Frankie Edgar Talks Split Decisions, UFC 200 And Taking Down Conor McGregor
UFC featherweight Frankie “The Answer” Edgar believes he’s destined to become champion once again.
The New Jersey native made his UFC debut as a lightweight in 2007, well before the promotion had a featherweight division.
But he saw no fear in competing against men who looked twice his size, and in 2010, he captured the lightweight title from the legendary BJ Penn.
Edgar moved down to featherweight three years later, losing a very close contest to former champion José Aldo before going on a five-fight win streak.
Other fighters would be contemplating retirement at 34 years old, but Edgar appears to have earned another title shot with his stunning first round KO of number three ranked featherweight Chad Mendes.
That title shot would’ve been against Conor McGregor.
Featherweight champion McGregor, however, instead chose to move up a weight class and fight Rafael dos Anjos for the lightweight belt this upcoming March. Now it looks like Edgar will have to wait until July to face McGregor, a dangerous striker who some suspect will struggle against Edgar’s relentless pace and world-class wrestling.
Elite Daily caught up with Frankie Edgar to hear his thoughts on the rumored fight and his future in the UFC.
The McGregor fight is not yet booked, but Frankie is confident it will happen.
When speaking of the match, he said,
I see it happening… As long as his fight [with dos Anjos] goes well. As long as he comes out of the fight uninjured, we’ll be the headline fight at UFC 200. I believe I earned it, I got a good feeling I’m gonna get it. But nothing solid to say that it’s definitely gonna be me.
Former champion José Aldo was knocked out by the Irishman in just 13 seconds into the first round last month. Fans, however, weren’t entirely surprised; Aldo seemed to be visibly affected by his opponent’s mental warfare.
Frankie doesn’t see Rafael dos Anjos making the same mistake.
According to Edgar, the Brazilian’s confidence will not falter.
I kind of know Rafael personally a little bit. He’s a very strong believer in himself. Thats what he’s banking on. I don’t think he’s gonna get emotional. It’s tough to say until you get in there, I guess. I like to say I wouldn’t get emotional either but you never know.
He added Conor’s “hands are gonna be full” with dos Anjos, who also finished his last opponent in the first round.
But McGregor seems to possess incomparable accuracy, which will allow him to end the fight with just one punch.
Edgar isn’t intimidated; he’s become an expert in avoiding damage.
He reminded Elite Daily very few fighters have managed to hurt him, saying,
I don’t get hit much. In a couple of fights, I took some big punches, but that’s really about it.
Speaking of Conor’s power, he said,
I’m not too worried about it. If I was to fight Conor, I wouldn’t sit there worrying about getting hit. I’m just gonna do what I do best.
Edgar is also a true mixed martial artist, while McGregor only seems comfortable on his feet.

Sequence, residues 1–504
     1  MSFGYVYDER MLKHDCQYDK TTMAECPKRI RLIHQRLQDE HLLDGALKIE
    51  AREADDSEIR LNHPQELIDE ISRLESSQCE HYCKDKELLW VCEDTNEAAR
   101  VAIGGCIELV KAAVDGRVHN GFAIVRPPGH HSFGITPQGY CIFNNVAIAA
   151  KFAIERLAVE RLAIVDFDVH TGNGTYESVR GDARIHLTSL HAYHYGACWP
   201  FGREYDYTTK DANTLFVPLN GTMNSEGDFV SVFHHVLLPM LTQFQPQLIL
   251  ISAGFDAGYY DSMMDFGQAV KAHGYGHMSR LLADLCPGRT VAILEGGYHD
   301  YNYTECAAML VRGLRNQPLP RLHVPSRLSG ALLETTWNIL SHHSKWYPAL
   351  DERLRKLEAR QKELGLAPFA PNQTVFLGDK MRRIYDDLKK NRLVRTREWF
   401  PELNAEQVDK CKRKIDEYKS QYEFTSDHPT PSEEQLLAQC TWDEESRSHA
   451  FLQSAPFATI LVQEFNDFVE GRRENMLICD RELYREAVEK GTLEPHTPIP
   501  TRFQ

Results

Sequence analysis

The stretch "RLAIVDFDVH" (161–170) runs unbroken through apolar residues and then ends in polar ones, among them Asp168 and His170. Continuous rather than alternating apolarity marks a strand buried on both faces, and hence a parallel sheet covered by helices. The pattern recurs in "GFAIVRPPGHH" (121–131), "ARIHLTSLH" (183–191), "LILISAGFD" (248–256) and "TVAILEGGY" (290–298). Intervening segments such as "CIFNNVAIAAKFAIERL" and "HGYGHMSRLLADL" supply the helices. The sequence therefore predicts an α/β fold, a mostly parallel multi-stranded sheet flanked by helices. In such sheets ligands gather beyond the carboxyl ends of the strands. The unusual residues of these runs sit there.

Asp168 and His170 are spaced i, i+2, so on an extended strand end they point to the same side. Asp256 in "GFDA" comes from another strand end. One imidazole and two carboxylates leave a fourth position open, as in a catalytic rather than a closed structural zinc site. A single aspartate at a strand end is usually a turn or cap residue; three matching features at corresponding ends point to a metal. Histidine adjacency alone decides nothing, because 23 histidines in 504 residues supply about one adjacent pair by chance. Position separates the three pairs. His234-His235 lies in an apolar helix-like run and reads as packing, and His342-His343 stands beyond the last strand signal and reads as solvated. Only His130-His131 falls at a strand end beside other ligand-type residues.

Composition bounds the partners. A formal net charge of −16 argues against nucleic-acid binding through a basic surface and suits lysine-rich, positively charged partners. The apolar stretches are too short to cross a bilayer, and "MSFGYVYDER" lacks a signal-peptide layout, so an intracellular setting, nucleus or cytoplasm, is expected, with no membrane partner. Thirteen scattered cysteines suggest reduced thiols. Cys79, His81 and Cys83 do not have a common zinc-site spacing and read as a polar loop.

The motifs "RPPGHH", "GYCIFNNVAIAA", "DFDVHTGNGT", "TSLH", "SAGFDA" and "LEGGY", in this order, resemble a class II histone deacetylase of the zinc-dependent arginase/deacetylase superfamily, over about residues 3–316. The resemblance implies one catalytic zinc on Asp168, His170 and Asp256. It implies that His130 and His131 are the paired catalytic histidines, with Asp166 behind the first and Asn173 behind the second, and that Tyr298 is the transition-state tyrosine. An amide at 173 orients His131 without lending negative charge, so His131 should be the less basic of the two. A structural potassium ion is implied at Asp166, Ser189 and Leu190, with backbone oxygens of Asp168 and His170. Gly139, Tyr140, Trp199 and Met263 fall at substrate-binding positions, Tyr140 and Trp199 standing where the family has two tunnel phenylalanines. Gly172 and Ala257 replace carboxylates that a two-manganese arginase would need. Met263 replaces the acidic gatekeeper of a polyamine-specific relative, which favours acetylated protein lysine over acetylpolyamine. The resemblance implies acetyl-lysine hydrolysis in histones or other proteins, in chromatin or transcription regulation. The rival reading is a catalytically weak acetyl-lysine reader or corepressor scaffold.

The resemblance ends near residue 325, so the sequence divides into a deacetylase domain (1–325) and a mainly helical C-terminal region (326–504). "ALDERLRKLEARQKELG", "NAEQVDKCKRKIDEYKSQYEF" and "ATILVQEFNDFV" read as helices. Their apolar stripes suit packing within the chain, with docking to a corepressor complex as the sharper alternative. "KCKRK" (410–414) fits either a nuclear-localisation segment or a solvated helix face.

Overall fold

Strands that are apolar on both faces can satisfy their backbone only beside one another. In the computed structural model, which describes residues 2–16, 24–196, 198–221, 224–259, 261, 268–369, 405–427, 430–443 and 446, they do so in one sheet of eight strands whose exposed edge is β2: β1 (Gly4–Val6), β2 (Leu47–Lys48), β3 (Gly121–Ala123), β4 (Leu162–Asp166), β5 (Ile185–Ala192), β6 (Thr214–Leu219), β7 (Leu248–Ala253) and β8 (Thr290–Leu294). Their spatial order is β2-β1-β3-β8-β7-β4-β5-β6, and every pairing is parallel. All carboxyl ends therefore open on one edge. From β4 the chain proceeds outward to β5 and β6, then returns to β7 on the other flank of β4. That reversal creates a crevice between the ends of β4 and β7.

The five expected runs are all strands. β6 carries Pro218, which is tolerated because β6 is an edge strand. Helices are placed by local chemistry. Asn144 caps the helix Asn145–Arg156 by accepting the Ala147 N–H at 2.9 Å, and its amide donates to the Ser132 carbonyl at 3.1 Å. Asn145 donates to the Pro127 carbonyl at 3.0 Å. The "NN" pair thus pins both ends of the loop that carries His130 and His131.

The Irishman will definitely have to learn some wrestling and Brazilian Jiu-Jitsu to counter Edgar’s takedowns.
Edgar noted his opponent is likely well-aware of his disadvantage. He continued,
I’m sure he’s working on it. He better be. The UFC hired [Olympic gold medalist] Jordan Burroughs to be his wrestling coach. He knows that’s his weakness. It’s not something you learn overnight, especially wrestling. It’s a feel-type of sport, takes time.
Edgar may be a seasoned veteran, but he’s looked better than ever lately.
A championship victory would place him among the oldest champions in the UFC.
He explained why he’s been able to maintain such dominant athleticism,
I feel like I’m in my prime, still motivated, still train very hard. My body doesn’t really bother me too much. But it’s a little different with the lighter weight guys, getting older. Some heavier weight guys don’t go at it with the speed which we do.
Many fans believe the judging system, possibly the most controversial issue in the UFC, needs a massive overhaul due to a series of arguably wrong decisions.
I think [the judging system] should be [changed]… I don’t necessarily know what those changes should be, but obviously it’s flawed. It keeps coming up over and over again, decisions that we feel aren’t just. I just don’t know if they should be using the 10-8 system, the 10-9 system like boxing. people say maybe add more judges but then you add more chance of human fault. The pride system wasn’t bad, there’s a lot of options.
Edgar offered an interesting plan to put an end to undeserved wins and losses.
He suggested experience is the key in legitimizing MMA judging. Edgar said,
I think having ex-fighters who become judges would also help out. Guys that are much more familiar with being in the octagon making decisions.
Along with several other big-name bouts, Edgar vs. McGregor is likely to take place at UFC 200 on July 9.
Should Edgar win, he would prove all the trash talk and movement training in the world cannot overcome the power of heart, experience and sheer intensity.
Both fighters would face arguably their toughest tests to date, but only Edgar must take on the additional task of derailing momentum that currently knows no direction but up.